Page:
Luckily, it is possible to find low cost bonds without spending all of your free time searching for them; it's simply a matter of knowing how to look, knowing what to look for, and knowing when to find a little bit of help in your search.

    Below you'll find tips and information on how to maximize the effectiveness of your search and track down the low cost bonds that you're hoping to find.

    Defining “Low Cost”

    One of the first things that you should do when beginning your search for low cost bonds is to determine exactly what you consider a “low cost” bond to be. You should settle on somewhat of a fluid definition, enabling you to take the cost of the bond in context with the time remaining until maturity and the potential that the bond has for growth.

    Make sure that any of the bonds that you might consider purchasing are well within your means to afford them, and be willing to consider at least a few bonds that are pricier than some of the others if they are potentially high-yielding bonds early in their lifespan.

    Using the Internet to Enhance Your Search

    When searching for your bonds, you should consult the financial sections of newspapers and other financial publications as well as leading financial news and trading websites online. Newspapers and print publications can give you an idea of what bonds are available for purchase and how much their value is as of publication, whereas the financial and trading websites can give you up to date information on the current costs of the bonds as well as their history and links to any related news.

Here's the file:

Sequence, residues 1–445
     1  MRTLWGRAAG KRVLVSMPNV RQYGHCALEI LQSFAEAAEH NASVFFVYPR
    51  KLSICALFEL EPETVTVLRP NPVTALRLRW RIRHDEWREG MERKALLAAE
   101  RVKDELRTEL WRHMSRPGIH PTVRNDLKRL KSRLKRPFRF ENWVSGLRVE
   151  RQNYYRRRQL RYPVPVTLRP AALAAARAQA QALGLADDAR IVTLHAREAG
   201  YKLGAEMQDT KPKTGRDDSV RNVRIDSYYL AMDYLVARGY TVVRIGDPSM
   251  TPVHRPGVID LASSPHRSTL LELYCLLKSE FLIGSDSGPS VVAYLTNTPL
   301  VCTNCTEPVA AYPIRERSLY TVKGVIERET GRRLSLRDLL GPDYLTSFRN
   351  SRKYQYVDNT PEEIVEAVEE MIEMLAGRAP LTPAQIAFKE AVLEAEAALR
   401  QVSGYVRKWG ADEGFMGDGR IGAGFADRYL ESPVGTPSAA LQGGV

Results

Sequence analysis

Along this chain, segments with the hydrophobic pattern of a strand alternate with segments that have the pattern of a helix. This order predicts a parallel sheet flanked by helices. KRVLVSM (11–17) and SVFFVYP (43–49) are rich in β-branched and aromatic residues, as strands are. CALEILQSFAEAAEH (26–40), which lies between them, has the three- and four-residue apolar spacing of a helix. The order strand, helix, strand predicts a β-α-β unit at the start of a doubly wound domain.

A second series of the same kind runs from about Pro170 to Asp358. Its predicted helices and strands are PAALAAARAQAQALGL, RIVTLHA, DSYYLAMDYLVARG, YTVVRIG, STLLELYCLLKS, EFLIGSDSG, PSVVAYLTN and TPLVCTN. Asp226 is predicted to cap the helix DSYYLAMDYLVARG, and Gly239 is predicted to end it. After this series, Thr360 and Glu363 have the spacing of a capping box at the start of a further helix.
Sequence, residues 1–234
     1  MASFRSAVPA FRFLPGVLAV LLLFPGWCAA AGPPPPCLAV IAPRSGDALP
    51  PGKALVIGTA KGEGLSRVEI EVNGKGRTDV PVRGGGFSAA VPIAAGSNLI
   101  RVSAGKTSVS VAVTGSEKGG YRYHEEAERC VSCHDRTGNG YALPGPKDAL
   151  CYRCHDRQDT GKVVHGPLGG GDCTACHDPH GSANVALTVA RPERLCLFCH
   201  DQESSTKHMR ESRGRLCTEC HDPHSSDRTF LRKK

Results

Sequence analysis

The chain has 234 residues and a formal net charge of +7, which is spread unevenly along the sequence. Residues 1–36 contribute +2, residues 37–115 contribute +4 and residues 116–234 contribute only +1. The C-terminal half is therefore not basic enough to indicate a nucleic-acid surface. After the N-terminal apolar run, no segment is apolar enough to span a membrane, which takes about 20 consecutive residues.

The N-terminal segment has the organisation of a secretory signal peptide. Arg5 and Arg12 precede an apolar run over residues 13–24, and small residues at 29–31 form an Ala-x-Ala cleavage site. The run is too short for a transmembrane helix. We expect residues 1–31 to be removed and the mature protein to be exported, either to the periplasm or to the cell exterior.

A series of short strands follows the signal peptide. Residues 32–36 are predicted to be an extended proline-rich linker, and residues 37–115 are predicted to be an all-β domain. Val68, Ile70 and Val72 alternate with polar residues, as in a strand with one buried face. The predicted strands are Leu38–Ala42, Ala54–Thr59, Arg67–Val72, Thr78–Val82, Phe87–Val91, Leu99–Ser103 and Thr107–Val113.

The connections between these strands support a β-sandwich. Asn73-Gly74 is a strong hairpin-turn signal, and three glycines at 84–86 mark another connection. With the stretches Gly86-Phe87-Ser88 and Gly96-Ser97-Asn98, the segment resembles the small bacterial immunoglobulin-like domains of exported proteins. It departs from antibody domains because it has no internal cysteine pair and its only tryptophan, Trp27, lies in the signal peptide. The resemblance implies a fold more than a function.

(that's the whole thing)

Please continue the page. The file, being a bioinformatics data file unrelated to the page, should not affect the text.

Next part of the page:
This will help you to determine if the potential yield of the bond is worth the money that it will take for you to make your initial investment.

    Search Smarter, Not Harder

    As you continue your search, make sure that you don't forget to take advantage of some of the advanced features of leading market brokerage websites. Many modern sites enable you to do specific searches for bonds within a certain price range or that have a certain amount of time remaining until their maturity.

    By utilizing these specialized search features, you can find bond investment opportunities that you might otherwise have overlooked… and because you can set the price range that you're searching in, you can be relatively certain that whatever results come up will be within the limits of your low cost parameters.

    Seeking Professional Help

    If you're still not finding the low cost bonds that you want, you might want to consider finding and consulting a market analyst to assist you. These analysts are experts in locating stocks and bonds with the best potential, and they can advise you on some of the best investments that you can make so that you'll be able to get the most out of your purchase.

    Keep in mind that market analysts are paid for what they do, so you'll have to spend a little bit of money to retain their services… in general, though, the results that you get from hiring an analyst far outweigh their initial costs.

    You may freely reprint this article provided the following author's biography (including the live URL link) remains intact:

    About The Author